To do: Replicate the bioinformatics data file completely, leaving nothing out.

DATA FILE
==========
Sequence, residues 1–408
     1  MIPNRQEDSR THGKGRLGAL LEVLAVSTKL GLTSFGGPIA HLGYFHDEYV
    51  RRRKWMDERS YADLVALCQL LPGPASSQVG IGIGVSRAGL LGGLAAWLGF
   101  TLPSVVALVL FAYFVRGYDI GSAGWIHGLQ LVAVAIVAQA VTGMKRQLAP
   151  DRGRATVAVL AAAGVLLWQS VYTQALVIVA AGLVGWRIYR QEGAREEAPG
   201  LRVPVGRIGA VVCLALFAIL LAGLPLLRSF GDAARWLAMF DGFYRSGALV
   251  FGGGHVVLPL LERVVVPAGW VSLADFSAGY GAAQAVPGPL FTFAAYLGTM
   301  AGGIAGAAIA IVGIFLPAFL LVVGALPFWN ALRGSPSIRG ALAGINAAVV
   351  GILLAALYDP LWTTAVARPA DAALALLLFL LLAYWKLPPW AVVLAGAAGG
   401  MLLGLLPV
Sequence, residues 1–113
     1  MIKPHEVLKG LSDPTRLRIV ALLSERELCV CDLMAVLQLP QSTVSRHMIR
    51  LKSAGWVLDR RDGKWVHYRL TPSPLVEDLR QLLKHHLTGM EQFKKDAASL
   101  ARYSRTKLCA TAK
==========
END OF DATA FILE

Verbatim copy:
Sequence, residues 1–408
     1  MIPNRQEDSR THGKGRLGAL LEVLAVSTKL GLTSFGGPIA HLGYFHDEYV
    51  RRRKWMDERS YADLVALCQL LPGPASSQVG IGIGVSRAGL LGGLAAWLGF
   101  TLPSVVALVL FAYFVRGYDI GSAGWIHGLQ LVAVAIVAQA VTGMKRQLAP
   151  DRGRATVAVL AAAGVLLWQS VYTQALVIVA AGLVGWRIYR QEGAREEAPG
   201  LRVPVGRIGA VVCLALFAIL LAGLPLLRSF GDAARWLAMF DGFYRSGALV
   251  FGGGHVVLPL LERVVVPAGW VSLADFSAGY GAAQAVPGPL FTFAAYLGTM
   301  AGGIAGAAIA IVGIFLPAFL LVVGALPFWN ALRGSPSIRG ALAGINAAVV
   351  GILLAALYDP LWTTAVARPA DAALALLLFL LLAYWKLPPW AVVLAGAAGG
   401  MLLGLLPV
Sequence, residues 1–113
     1  MIKPHEVLKG LSDPTRLRIV ALLSERELCV CDLMAVLQLP QSTVSRHMIR
    51  LKSAGWVLDR RDGKWVHYRL TPSPLVEDLR QLLKHHLTGM EQFKKDAASL
   101  ARYSRTKLCA TAK